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Penny Collenette (University of Ottawa)

Penny Collenette

(University of Ottawa)

Penny Collenette

The PMO is not the place for petty, partisan games Add to ...

From 1993-1997, my work place in the Prime Minister’s Office was housed on the unique half top floor of the murky, old Langevin Block, named after Sir Hector-Louis Langevin. Mr. Langevin, public works minister to Conservative PM Sir John A. Macdonald, was a politician of great energy and ambition, who knew both the dizzying heights and dramatic lows of public life. During his long career, he sat in cabinet as Canada faced two uprisings related to Louis Riel, the famous Métis leader.

The hulking building with its arched windows and odd, curved spaces, is a sentinel location, being adjacent to both the National War Memorial and Parliament Hill. The view from that top floor was spectacular. There was nothing you could miss on Parliament Hill. There was nothing you would not know.

Traditionally, it has been both the physical and literal quiet centre of power in Ottawa. Arguments are not conducted like those in the noisy House of Commons – they are hushed, and behind closed doors. Footsteps fall softly on the carpeted halls, not loudly like those on the marbled halls of Parliament. Guests are discretely ushered in by security guards. There is a quiet, but rushed intensity to the place – with very little time for fooling around or playing tricks.

And yet within the hallowed walls of this building, which has often contained both the Privy Council Office and the Prime Minister’s Office, noise does find its way in. It rises from the street, from the people, from demonstrations in which people are truly angry and wish to express their discontent.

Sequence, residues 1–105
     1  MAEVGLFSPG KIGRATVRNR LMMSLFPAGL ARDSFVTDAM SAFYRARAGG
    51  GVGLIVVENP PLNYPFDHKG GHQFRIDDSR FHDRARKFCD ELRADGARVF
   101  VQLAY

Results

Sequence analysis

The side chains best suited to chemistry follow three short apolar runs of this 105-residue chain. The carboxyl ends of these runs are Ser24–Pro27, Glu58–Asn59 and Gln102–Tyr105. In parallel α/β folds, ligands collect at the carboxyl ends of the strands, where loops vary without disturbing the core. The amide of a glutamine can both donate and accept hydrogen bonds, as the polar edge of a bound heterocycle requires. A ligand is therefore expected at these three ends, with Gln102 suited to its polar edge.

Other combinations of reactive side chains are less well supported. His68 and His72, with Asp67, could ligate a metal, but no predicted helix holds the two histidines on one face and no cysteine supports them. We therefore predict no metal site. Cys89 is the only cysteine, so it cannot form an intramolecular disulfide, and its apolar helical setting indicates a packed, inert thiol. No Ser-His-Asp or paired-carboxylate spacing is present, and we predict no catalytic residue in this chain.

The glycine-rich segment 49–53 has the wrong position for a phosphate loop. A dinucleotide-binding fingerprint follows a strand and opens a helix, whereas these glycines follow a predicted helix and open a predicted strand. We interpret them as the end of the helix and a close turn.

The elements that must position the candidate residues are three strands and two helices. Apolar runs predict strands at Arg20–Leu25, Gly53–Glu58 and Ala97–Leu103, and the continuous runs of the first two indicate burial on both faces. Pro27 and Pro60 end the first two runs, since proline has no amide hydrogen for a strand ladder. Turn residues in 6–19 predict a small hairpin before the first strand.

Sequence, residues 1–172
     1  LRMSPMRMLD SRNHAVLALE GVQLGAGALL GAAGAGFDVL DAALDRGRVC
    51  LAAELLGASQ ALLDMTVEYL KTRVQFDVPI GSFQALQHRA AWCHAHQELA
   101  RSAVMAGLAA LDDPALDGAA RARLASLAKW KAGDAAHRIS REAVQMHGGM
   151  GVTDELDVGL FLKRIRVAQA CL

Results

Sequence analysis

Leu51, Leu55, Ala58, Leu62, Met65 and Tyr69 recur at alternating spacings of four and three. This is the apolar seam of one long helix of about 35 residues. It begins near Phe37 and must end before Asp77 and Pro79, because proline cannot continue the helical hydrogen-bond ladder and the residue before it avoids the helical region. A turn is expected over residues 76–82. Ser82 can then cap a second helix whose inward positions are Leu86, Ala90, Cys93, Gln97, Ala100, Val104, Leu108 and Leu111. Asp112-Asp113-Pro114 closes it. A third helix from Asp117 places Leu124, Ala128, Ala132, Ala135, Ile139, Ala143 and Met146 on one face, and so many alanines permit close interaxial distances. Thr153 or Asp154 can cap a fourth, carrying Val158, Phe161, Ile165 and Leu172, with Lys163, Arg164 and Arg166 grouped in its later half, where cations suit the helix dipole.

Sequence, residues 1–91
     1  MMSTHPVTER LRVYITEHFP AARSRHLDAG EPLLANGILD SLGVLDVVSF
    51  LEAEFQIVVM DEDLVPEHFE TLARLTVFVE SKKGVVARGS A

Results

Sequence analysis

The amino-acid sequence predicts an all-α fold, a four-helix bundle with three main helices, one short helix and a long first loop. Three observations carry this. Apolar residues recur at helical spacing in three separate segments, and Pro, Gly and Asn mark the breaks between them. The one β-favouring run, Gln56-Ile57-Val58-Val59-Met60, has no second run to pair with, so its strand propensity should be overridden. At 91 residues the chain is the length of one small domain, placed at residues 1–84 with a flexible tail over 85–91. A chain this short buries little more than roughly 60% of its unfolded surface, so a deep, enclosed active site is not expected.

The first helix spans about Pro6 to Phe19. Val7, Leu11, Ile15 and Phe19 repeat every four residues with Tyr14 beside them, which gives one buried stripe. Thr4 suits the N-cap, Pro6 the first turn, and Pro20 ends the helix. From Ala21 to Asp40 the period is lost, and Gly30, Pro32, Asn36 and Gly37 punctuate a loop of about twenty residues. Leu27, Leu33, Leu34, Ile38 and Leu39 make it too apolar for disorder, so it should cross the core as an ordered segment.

So, it was a shock to many of us who had worked in the PMO (no matter which government) to discover this week that Conservative Party interns and PMO staff were cleary sent out onto Parliament Hill armed with childishly written signs to disrupt a speech by Liberal leader Justin Trudeau. The hoax protest earlier this month was presumably approved by senior PMO officials, who were almost certainly watching.

It can be argued that silly partisan games like these are ‘normal’ behaviour during campaigns. The goal is to disrupt the optics of your opponent’s speeches and to grab media attention. ‘Gotcha’ politics has been going on forever and, in addition to macho-named ‘war rooms”, this pattern is somewhat expected during an election. Experienced politicos tend to shrug their shoulders and say “what’s the big deal?”

The big deal is that we are not in an election, in fact, one could argue, that the government is teetering on a crisis. It’s time for adult professionalism, not Kindergarten.

The big deal is once again lack of respect and lack of civility within the confines of the Parliament Hill complex, an issue that is making a mockery of our Parliament.

But the biggest deal last week is that young interns are learning that this is how government is played, even from within the august confines of the PMO. And some of these interns are reportedly paid through the undisclosed budget of the government caucus research bureau which is in turn funded by taxpayers.

What lessons are we teaching these young people about government? Is this how we want our taxpayers’ money to be spent? Are these the images we want splashed on Twitter and published in our papers?

If we as a country and a government do not reach beyond childish games we are in massive trouble.

If we, as a country, as a ‘people” do not say ‘enough” to ethical misbehaviour, we will pay the price: the price of ‘dumbed downed’ apathetic, cynical democracy. The price of a lost country or at least a lost generation.

The behaviour of this PMO staff and these interns discredits the PMO ghosts who walked before them. I wonder what Hector–Louis Langevin and Sir John A. Macdonald would think.

Penny Collenette, a former senior fellow at the Kennedy School of Government and former director of appointments in the Prime Minister’s Office, is an adjunct professor in the University of Ottawa’s faculty of law.

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